After what feels like decades of waiting, Audio-Technica introduced a range of nine new cartridges in 2017, comprising 500, 600 and 700 Series bodies with seven different versions of styli, including special line contact, Shibata, MicroLine, elliptical and conical types. All versions are configured to optimise the playback of either stereo, mono or even 78 rpm shellac records. The £179.95 VM530EN is a middle range model equipped with a 0.3 x 0.7 mil nude elliptical stylus.
At this relatively modest price you would expect an aluminium cantilever, and that’s what you get. The housing is nothing fancy either, made from low resonance polymer. This cartridge’s main distinguishing feature is the dual magnet system, which has two magnets arranged in the shape of a ‘V’. They’re positioned precisely to match the positions of the left and right channels in the stereo groove walls, which is claimed to give better channel separation. The generator uses para-toroidal coils with laminated cores for greater efficiency (hence higher output and better detail resolution, it’s claimed). A permalloy centre shield plate enables the effective separation of left and right channels, suppressing electrical crosstalk to below 40dB, says Audio-Technica.
The cartridge is easy enough to fit, thanks to the sensible stylus guard and accessible cartridge pins that you would expect from this brand. Tracking force is said to be 1.8 to 2.2g, with 2g recommended. Rated output is 4mV (1kHz, 5cm/sec.) which is good but not outstanding; it will drive most moving magnet inputs pretty well. The company claims a frequency response of 20 to 25,000Hz, a channel separation of 27dB (1kHz), an output channel balance within 1.5dB (1kHz), static compliance of 35×10-6 cm/dyne and dynamic compliance of 8. Recommended load impedance is a pretty standard 47k ohm, and recommended load capacitance is 100 to 200pF. The cartridge comes well packaged with the usual Audio-Technica mounting screws, non-magnetic screwdriver and brush.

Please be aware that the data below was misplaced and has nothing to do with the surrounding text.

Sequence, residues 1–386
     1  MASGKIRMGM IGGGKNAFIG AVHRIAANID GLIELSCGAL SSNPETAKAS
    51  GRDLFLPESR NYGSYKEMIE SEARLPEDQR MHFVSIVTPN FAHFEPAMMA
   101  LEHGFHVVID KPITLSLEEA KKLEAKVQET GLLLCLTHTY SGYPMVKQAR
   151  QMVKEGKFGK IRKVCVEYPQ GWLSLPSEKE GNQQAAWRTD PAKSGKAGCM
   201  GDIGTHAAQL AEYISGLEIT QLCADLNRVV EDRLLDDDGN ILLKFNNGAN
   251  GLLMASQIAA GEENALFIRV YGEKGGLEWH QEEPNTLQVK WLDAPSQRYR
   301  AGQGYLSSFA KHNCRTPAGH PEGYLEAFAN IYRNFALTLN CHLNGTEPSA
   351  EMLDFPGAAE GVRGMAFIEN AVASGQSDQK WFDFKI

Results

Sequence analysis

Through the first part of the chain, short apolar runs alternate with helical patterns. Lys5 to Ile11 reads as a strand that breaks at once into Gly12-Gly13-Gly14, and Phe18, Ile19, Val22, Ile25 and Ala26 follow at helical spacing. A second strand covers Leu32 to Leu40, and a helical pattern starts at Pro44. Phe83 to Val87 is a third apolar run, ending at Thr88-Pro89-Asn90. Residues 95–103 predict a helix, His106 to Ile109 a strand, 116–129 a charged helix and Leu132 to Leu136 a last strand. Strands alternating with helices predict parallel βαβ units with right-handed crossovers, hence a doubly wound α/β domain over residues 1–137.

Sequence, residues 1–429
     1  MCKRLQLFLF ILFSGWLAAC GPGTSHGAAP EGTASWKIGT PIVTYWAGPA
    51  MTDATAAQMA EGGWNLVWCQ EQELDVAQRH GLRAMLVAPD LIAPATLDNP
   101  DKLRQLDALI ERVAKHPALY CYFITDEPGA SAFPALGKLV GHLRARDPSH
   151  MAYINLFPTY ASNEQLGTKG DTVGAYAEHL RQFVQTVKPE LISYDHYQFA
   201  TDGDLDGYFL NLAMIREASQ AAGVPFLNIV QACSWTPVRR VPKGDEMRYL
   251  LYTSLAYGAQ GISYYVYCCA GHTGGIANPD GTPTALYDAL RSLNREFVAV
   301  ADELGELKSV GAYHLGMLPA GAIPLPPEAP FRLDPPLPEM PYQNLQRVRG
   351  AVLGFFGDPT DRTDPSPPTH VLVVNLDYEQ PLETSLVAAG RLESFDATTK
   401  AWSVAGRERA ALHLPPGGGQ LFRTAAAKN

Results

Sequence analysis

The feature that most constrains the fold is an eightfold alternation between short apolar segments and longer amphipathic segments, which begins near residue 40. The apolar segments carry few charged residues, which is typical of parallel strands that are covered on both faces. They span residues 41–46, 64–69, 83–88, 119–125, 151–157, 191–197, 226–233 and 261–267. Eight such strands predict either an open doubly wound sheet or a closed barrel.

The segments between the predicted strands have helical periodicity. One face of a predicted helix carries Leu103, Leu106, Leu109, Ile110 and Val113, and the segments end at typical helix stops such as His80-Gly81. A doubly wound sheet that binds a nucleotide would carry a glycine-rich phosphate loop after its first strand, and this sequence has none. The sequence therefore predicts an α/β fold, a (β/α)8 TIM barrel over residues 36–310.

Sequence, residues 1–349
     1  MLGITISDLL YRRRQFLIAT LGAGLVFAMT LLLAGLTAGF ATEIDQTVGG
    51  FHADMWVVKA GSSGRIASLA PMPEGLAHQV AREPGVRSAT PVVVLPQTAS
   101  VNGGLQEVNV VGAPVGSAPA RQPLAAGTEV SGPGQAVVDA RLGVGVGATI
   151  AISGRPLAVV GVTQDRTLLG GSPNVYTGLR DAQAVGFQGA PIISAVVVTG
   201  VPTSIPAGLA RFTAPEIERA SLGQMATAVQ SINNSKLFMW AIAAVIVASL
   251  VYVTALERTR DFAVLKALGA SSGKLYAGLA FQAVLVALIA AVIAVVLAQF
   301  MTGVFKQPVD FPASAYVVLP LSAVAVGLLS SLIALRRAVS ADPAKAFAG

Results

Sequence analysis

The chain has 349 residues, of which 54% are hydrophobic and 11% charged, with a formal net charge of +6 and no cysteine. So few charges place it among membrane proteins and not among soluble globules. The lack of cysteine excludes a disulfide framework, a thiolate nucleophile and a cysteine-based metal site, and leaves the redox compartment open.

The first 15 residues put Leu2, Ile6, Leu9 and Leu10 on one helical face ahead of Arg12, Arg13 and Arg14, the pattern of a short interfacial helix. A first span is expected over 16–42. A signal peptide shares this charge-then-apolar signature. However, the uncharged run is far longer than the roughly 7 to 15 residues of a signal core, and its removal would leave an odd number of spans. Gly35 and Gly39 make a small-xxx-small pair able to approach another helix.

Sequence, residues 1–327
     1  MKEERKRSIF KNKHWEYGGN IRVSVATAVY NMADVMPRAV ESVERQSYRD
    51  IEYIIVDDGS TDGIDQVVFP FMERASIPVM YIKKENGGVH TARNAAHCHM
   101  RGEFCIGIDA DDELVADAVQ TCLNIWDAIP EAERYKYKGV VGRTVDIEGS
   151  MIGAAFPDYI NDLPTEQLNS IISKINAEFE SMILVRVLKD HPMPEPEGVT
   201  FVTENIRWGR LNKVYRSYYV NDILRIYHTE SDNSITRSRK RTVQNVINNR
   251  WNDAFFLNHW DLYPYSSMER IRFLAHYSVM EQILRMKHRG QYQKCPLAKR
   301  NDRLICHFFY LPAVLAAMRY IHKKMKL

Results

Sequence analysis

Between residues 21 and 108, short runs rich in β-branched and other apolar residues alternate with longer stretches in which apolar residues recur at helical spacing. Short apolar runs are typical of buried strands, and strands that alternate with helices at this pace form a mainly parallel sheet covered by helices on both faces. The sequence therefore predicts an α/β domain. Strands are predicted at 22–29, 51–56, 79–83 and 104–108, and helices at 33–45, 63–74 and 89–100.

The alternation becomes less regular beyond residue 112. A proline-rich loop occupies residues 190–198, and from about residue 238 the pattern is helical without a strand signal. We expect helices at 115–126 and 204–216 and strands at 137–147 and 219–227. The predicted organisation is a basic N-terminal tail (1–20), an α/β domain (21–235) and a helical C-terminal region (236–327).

The VM530EN sounds – surprise, surprise – like an Audio-Technica cartridge. It’s a clean, crisp and detailed thing, with a fair degree of refinement and obvious rhythmic snap. The tonal balance is familiar too; you’re not getting something that is either wildly bright or excessively dull. Instead this cartridge treats a middle ground, although perhaps it’s slightly smoother than budget cartridges from this brand of yore. For example, the Human League’s Things That Dreams Are Made Of had a big, solid, confident soundstage with a strong central image. At the same time, I was impressed by how quiet the LP surface seemed, that elliptical stylus obviously getting deep into the groove. Indeed, it gave a spirited rendition of this early electro classic. At the same time, the Audio-Technica conveyed harmonics well, giving a sparkling and vibrant sound.
Crosby, Stills, Nash and Young’s Country Girl had large amounts of detail and an expansive recorded acoustic. It let individual instruments play cleanly, whilst stringing everything together with real skill. Strong on dynamics, it also gave an impactful and emotionally committed reading of this great song. Moving to Dave Brubeck’s Take Five and the pattern continued; this cartridge proved lively yet nicely detailed with a sweet, silky and atmospheric cymbal sound, and a grainy feel to the saxophone. Indeed, it proved to be a highly able mid-price moving magnet that’s a little more subtle and detailed than many rivals, without losing the obvious rhythmic energy that defines the brand’s sound.